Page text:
Thursday, November 30, 2017

French Cheese: Reblochon

Reblochon in French means to pinch a cow's udder again. Centuries ago, the French Alpine tenant dairy farmers were taxed on the yield of milk provided by their cows. Since they did not fully milk at first go, the landowner's cut was based on that incomplete amount. The farmer then finished the milking second time around which was kept for making cheese. In this way the landowner was milked, not only in quantity but also quality, as the second milking provided richer milk. However, it was only much later, around the 1980s that tartiflette came into being as a dish to showcase this raw milk AOC cheese. This dish is unforgettable because of the tremendous meltability of Reblochon allowing it to become an instant sauce in which onions, potatoes, and bacon are braised though the bloomy rind coloured with a flush of orange-red remains in the form of an intensely flavoured, honeycombed crisp. I first made this Savoie dish during our ten-year sojourn in Grenoble. This time around, I substituted lean minced beef for bacon because I was aiming for something a little less rich.

The potatoes are from our potager

I love that reblochon comes with its own little cutting board.


Ingredients
makes 6 copious servings
An oven dish holding at least 2 L is required

  • Reblochon, 450 g round (because of it being made from raw milk, it is no longer available in America, but a pasturised version is, called Delice de Jura.)
  • Potatoes, all purpose, 1 kg
  • Bacon (chopped) or lean minced beef, 200 g
  • Onions, yellow, medium, 2 (around 200 g)
  • White wine or broth or cream (which is what I used), 10 cl
  • Oil (if not using bacon), 2-3 T (I used sunflower)
  • Salt and freshly ground black pepper to taste
  • Nutmeg, if desired (freshly ground), to taste

Peel potatoes and cut into chunks roughly the size of unshelled walnuts: big enough to know it's a potato, small enough so it will become tender.


You will need a large fry pan, preferably non-stick. Thinly slice the peeled onions. You can halve them first, then slice. If using bacon, render it first for a minute or two and then add onions. If using beef, brown in a separate pan in a little oil, set aside, and add onions to the large fry pan well slicked with oil. Saute onions over medium-low heat for several minutes until translucent and a little soft.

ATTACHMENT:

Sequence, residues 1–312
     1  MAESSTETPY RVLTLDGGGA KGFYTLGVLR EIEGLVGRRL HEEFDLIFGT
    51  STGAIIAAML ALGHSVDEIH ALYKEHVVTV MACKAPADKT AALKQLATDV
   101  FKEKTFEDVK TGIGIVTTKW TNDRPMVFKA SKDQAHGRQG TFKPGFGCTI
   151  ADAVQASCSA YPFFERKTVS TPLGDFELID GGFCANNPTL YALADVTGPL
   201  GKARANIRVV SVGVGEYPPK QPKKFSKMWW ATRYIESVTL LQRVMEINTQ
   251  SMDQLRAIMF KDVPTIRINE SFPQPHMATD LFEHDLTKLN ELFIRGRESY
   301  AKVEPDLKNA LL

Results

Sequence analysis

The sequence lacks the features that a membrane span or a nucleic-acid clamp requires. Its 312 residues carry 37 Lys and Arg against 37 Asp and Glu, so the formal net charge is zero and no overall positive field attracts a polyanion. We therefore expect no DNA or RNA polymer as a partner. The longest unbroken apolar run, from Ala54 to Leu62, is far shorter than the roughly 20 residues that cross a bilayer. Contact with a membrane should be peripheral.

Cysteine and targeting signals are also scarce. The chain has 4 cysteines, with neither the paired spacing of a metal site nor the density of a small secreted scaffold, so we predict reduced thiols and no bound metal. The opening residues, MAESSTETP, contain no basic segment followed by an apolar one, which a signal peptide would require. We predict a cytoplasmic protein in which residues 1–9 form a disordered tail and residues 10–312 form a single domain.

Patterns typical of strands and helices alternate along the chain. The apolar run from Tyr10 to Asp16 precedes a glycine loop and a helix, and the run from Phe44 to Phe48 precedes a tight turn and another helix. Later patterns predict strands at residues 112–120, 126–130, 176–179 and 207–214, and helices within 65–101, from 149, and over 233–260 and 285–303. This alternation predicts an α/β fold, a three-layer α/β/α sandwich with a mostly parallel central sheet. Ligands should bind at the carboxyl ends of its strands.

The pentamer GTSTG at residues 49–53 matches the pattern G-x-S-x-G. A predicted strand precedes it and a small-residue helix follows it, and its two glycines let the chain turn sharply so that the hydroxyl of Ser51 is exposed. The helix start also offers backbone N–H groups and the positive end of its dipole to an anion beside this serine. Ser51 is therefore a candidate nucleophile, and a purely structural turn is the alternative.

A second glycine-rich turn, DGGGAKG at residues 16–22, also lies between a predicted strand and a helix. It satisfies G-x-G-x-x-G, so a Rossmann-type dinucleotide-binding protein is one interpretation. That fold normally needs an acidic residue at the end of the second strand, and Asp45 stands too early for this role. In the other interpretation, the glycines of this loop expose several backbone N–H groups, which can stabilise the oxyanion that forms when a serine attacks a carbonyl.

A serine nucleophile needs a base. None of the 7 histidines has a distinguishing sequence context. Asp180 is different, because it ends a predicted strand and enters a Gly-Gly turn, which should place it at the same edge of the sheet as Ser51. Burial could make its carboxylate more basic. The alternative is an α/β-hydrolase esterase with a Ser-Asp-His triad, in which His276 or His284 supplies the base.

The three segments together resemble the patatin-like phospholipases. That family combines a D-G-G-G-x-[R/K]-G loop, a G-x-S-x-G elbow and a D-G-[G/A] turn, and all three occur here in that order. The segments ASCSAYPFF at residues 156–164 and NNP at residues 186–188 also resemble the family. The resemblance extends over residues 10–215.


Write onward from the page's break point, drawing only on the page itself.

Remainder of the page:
Add potatoes and cook gently for about twenty minutes, stirring from time to time.


When they are fork tender, though not completely cooked, splash in the wine or broth or cream. Stirring more frequently, simmer for another five minutes.


Preheat oven to 200 degrees C. Meanwhile, cut the round of cheese in half, then slice crosswise each half to get 4 thin sections.


Chop coarsely two sections of cheese and add them along with the potato mixture into an oven dish. If substituting beef, add that. Mix well. Season to taste. Place the two remaining sections of cheese (with the rind side facing up) on top.

The wonderful oval ceramic dish gotten from a flea market cost just a few euros

Bake for around 20 minutes until the potatoes are fully tender, the cheese is oozing and bubbling like there is no tomorrow, and the rind is golden and crisp. Let cool for a little while for the ocean of cheese to thicken a bit.

Tartiflette most likely is derived from the Arpitan word for potato

Serve with green salad and white wine. If you chose beef instead of bacon, light red wines like Sancerre and Beaujolais are possibilities. And thank your lucky stars those Alpine dairy farmers were smarter then their landowners.



À la prochaine!

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